Jobs growth powering Sunshine Coast market

The Sunshine Coast property market is seeing a pick-up on the back of strong employment growth in the region, a local buyer’s agent has said.

Queensland treasurer Tim Nicholls reported that more jobs were created on the Sunshine Coast last year than in any other region in the state.

“The employment growth experienced on the Sunshine Coast in the year to February 2014 was more than eight times greater than the state-wide average,” Mr Nicholls said.

“There are 11,300 more people in work in the region than there were 12 months ago.”

Real Property Advice buyer’s agent Scott Northcott said these results were likely linked to the new hospital precinct underway in Kawana.

“That’s where a lot of your employment is going to come from, both in construction and ongoing employment once it’s running,” he said.

Mr Northcott believes the new jobs zone has “powered along” the local property market after a long period of stagnant growth.

“From November 2012 to February 2013, there was a fundamental change in the market. It was doom and gloom up until then,” Mr Northcott said.

“December came and it was quiet. Around Christmas, there was more enquiry. From January onwards, the market has started to move up.”

According to Mr Northcott, prices began rising and houses are being snapped up more quickly, in some cases within 24 hours.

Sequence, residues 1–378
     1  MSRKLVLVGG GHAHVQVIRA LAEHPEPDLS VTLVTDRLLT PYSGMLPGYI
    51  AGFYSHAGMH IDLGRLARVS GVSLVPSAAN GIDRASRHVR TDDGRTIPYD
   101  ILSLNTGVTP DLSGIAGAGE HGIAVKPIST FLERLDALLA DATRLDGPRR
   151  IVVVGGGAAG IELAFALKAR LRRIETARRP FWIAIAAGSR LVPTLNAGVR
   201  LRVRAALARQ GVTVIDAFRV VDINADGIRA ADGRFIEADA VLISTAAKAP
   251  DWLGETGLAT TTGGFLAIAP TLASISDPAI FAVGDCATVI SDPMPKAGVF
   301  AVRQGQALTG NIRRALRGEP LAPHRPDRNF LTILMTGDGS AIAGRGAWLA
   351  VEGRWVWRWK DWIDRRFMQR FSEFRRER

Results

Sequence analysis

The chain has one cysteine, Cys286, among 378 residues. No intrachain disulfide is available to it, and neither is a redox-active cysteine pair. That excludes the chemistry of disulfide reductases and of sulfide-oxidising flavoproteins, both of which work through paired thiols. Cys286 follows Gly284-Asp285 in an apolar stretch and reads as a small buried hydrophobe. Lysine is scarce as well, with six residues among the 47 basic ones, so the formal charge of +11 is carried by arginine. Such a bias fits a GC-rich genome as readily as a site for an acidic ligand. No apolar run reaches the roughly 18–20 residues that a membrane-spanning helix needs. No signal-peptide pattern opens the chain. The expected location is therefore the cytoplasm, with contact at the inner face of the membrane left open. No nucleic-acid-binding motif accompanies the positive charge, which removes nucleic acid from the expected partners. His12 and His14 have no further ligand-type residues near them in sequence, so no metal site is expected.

In addition, new housing estates near the health precinct helped boost the value of existing properties.

“There has been a price movement in that older stock because it’s catching up with the newer stock,” he said.

In his experience, older properties that were bought for $370,000 at the start of the upturn are now sitting at $410,000.

Mr Northcott said he cannot predict if current growth levels are sustainable, with the outcome dependent on future development and housing construction.

However, he said other infrastructure projects in the region also promised to stimulate the local market, including a second runway at the airport and the creation of a new town centre.

Ultimately, he said current high growth signalled confidence returning to the market, even if projects are not yet completed.

“All those things point in a direction that it wasn’t in before,” he said.

“It gives people a future and it gives people a hope. Confidence changes, people’s outlook changes and all of a sudden they do different things.”

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